Wednesday, July 29, 2009

Tongue-tied and full of stories.

Earlier this week, I interviewed an elderly gentleman. Prior to the day of the interview, there was a lot of email correspondence and calls put in between his wife and me... his wife being the one who commissioned the Video Biography in the first place.

Her main cause of worry was that her husband would not stop talking once he got started. And she feared that that would make it extremely tricky for me to steer the conversation from one topic to the other. Now that's valuable insight to have on your subject - and it allowed for me to customize my questions to his life yes, but also to his personality. And I approached the day with grit of steel and a determination to have a fruitful interview no matter what.

What I hadn't been told was that the husband had had a series of small strokes in the not so distant past, and this had left his memory quite jagged... and by his own admission, in a state of affairs he wouldn't have chosen for himself. Nonetheless, he was bursting with stories to share. Before the camera went on, he took me on a tour of the house... and we paused at walls with little bits of history hanging from them, and an office that looked like a treasure trove of memorabilia accumulated over decades of a life well spent. It spanned across generations, continents, countries, dictatorships, monarchy, democracy... it was like getting an insider's view into a history text-book. And he had lived through a lot of it - and knew of ancestors who had lived through even more.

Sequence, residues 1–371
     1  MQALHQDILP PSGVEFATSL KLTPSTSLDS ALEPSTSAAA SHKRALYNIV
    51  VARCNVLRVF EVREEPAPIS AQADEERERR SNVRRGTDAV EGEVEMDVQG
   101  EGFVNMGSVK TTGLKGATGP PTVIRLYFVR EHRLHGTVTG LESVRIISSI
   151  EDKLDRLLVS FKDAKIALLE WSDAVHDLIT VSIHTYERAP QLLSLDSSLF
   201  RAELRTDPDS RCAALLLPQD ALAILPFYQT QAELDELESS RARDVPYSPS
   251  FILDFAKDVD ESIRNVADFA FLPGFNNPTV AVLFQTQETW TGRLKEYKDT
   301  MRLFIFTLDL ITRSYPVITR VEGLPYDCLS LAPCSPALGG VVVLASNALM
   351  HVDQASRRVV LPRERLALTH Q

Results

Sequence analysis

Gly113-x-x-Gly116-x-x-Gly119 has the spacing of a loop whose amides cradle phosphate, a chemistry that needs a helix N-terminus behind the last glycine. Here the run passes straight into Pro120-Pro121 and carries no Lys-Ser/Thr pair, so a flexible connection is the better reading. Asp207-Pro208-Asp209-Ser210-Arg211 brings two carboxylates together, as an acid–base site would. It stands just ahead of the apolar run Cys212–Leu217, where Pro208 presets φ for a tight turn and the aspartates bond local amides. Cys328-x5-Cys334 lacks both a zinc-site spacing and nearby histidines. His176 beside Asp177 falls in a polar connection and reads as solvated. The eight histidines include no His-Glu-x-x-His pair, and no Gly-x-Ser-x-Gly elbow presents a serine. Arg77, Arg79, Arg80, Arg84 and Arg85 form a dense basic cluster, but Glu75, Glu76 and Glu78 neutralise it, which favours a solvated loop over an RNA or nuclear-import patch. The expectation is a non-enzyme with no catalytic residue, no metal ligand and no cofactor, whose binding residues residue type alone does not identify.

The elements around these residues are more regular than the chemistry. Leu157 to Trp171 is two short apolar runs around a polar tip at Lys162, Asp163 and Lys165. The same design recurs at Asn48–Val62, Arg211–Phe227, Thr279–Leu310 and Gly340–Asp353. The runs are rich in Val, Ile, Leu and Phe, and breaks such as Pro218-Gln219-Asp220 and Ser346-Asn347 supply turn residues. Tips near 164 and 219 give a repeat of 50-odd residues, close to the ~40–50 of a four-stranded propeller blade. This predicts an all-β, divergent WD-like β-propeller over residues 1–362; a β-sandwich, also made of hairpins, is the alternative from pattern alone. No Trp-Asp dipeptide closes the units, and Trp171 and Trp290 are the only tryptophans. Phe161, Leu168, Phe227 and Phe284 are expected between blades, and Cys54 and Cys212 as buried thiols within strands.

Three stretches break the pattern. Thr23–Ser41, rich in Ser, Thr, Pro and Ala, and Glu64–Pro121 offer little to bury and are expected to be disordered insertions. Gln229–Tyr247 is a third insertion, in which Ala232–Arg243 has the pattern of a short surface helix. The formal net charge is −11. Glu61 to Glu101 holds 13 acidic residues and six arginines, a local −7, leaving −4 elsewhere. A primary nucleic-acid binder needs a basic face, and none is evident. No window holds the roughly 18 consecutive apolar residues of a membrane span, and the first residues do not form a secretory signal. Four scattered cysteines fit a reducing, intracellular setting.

This is going to be a great interview, I thought to myself.

But when he was seated comfortably in his favorite chair in the corner of the living room he always claimed for his own... and I had him nicely framed in my camera... something changed. He became guarded. And not very forthcoming with information. I wondered where the man who talked too much was hiding! In past experience I've had some people who take a while to warm up to being interviewed on camera... so I persisted and in his defense, he tried to answer the questions as best he could. But I was yet unable to capture a true reflection of his personality.

When the first tape got over, I paused the interview in order to load a new tape. In this brief 5-minute interruption, the gentleman got extremely chatty. He started to tell me stories of his grandparents from his childhood - stories that he hadn't shared when I had interviewed him about them. So without announcing that we were now recording the conversation, I pressed the red button - and lo and behold, I managed to get a lot of stories out of him - as well as a feel of the person he is by asking about his viewpoint on several world events.

Of course the time came when this subterfuge had to come to an end and I had to revert to drawing his attention to the camera - instantly, he transformed into a grave man.

But in those few moments, we achieved something that would make it all worthwhile.

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